A New Take on Solar Panels Puts MSU in the Clear

What may appear to be just another window renovation on a 166-year-old university campus is actually a footnote for the glass and glazing industry. The Biomedical and Physical Sciences Building at Michigan State University (MSU) is now home to transparent solar glass panels from Ubiquitous Energy’s (UE) Californian facility.

Photo by Nick Schrader/MSU

According to the university, the 100 square feet of transparent solar glass installed above the building’s entryway will generate enough electricity to power lighting in its atrium. The solar-harvesting system converts sunlight into electricity, like ordinary solar panels. These transparent panels, however, let visible light pass through while picking up just the invisible wavelengths of sunlight in the ultraviolet and the near-infrared to convert into electricity. Once installed, the panels are visibly indistinguishable from traditional windows.

Veeral Hardev, vice president of strategy at UE says that the glazing used is a “standard dual-pane insulating glass unit (IGU)… The outer [lite] of glass has a transparent solar coating, UE Power, (on surface 2) that serves as a low-E coating as well as a renewable energy generator. The actual glass is a standard float glass.”

Each of the installed IGUs is approximately 14 inches by 20 inches in size and was developed and manufactured by UE and Richard Lunt, the Johansen Crosby Endowed Professor of Chemical Engineering and Materials Science in the MSU College of Engineering and a co-founder of UE.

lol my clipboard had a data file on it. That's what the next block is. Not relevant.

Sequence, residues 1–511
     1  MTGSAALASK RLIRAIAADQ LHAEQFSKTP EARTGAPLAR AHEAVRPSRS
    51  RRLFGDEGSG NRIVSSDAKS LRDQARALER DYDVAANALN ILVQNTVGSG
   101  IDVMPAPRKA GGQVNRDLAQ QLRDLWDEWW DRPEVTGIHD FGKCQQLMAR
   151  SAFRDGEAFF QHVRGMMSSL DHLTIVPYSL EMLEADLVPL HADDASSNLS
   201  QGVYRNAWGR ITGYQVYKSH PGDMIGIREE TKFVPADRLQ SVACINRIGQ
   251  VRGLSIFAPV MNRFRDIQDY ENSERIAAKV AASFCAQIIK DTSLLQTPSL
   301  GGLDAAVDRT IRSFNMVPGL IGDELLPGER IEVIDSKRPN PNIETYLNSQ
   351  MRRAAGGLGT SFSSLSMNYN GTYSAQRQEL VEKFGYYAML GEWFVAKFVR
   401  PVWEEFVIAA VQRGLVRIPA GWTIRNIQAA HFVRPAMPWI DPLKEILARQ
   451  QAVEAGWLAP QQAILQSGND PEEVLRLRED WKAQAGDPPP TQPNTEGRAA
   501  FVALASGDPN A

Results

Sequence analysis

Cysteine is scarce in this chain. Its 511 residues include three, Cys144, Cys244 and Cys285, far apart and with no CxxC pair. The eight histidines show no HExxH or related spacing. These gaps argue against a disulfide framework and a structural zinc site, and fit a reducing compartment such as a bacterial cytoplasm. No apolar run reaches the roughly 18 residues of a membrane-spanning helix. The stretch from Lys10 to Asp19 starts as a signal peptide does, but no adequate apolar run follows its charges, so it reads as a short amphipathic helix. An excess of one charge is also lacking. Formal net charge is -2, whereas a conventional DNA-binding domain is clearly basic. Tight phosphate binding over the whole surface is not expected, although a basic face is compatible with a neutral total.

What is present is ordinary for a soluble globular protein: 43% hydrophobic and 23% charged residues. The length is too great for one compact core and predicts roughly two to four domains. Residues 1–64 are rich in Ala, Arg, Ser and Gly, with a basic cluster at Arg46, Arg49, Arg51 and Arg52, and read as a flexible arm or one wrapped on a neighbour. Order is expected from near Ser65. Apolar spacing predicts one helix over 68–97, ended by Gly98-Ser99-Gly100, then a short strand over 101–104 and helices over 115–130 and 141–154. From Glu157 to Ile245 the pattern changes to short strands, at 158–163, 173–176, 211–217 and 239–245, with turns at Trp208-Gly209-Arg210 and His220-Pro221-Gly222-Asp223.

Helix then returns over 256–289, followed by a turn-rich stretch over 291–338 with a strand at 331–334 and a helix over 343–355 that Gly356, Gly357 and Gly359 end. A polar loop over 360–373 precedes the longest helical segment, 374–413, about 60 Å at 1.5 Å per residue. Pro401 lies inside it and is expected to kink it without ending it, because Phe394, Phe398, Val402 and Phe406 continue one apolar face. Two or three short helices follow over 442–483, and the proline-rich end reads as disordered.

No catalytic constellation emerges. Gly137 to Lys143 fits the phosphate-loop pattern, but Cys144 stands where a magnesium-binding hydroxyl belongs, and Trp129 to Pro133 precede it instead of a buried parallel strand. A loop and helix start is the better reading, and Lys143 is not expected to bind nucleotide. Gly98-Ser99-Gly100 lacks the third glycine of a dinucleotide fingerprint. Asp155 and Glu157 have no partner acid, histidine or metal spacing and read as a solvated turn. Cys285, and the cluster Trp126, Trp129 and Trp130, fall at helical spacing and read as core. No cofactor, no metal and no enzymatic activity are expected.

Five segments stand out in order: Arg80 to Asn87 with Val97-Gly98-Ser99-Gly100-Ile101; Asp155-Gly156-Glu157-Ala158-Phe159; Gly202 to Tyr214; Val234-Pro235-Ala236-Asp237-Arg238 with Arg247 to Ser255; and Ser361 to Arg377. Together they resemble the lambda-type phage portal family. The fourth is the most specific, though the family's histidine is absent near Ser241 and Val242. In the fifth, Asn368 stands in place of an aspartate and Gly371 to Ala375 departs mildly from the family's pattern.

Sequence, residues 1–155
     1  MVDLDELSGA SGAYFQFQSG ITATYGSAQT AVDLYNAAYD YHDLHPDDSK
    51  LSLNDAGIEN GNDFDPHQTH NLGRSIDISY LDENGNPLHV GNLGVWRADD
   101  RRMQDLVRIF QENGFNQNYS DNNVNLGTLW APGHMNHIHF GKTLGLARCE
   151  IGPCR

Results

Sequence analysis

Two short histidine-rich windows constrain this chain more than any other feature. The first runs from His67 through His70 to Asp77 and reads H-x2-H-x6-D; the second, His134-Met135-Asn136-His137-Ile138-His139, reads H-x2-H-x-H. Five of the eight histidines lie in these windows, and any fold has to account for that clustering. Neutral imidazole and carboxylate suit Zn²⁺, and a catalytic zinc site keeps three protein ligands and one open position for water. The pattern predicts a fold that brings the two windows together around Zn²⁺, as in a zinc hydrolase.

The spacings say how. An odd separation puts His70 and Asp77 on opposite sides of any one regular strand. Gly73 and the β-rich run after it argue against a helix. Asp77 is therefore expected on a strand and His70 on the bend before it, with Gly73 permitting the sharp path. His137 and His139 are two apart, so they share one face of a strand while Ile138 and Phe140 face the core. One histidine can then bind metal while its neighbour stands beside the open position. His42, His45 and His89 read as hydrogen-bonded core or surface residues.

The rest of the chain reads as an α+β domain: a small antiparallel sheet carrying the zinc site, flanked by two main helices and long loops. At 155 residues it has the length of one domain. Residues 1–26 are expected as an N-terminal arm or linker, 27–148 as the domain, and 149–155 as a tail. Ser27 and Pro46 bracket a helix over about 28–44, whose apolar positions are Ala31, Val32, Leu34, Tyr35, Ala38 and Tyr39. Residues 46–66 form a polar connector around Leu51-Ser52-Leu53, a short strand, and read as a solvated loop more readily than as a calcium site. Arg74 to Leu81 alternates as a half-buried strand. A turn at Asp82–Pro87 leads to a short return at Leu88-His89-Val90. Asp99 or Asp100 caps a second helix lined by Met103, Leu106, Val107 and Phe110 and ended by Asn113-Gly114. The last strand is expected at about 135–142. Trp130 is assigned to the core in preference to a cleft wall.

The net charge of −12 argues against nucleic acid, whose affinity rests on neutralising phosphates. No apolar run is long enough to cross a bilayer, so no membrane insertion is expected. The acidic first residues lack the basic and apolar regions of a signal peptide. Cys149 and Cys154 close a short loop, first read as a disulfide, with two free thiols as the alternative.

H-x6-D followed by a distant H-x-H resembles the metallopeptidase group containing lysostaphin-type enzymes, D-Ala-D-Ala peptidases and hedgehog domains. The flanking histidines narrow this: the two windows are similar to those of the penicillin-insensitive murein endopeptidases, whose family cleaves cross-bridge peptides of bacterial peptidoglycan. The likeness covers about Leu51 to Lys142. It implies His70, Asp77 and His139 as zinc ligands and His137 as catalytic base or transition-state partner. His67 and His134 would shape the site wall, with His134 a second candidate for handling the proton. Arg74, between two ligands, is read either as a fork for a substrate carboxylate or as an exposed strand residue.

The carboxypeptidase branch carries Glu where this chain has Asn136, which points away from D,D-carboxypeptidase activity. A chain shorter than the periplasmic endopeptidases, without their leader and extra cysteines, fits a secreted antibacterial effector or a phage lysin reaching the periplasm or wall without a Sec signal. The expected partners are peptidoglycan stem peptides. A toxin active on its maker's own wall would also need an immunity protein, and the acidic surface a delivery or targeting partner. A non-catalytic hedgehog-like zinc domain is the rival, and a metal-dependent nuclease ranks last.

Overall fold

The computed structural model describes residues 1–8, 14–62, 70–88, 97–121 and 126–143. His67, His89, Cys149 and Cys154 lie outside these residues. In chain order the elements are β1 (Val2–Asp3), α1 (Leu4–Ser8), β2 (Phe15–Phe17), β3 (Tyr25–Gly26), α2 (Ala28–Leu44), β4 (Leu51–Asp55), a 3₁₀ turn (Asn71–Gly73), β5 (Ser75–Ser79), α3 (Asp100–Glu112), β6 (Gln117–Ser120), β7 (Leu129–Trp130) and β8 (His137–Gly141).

“The key technology is the transparent solar coating, UE Power, which is an invisible, thin solar coating that is deposited directly onto the glass surface using standard physical vapor deposition (PVD), the same way traditional low-E glass is made,” says Hardev. “The transparent solar coated glass is then fabricated into a dual-pane IGU using the traditional IGU manufacturing process with the lone exception that the generated renewable energy is transferred from the glass via electrical wires.”

This was the first installation of UE Power windows at a university. Along with the other installations of UE Power windows, this shows the visual appeal of the company’s transparent solar technology and real-world application of using renewable energy generated on-site without aesthetic or space tradeoffs, according to Hardev.

This isn’t the first time UE has been mentioned in the same sentence as solar glass – let alone transparent solar glass. During a WDMA conference in June, Miles Barr, co-founder and chief technology officer of UE, mentioned the company’s desire to reinvent the solar panel into “simply, a see-through version of a solar panel that generates electricity from sunlight.”

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1 Response to A New Take on Solar Panels Puts MSU in the Clear

  1. Lyle R Hill says:

    The world of glass is going to be turned upside down in the next 10 years or so as more and more of this type of technology is developed or improved. I love this stuff.

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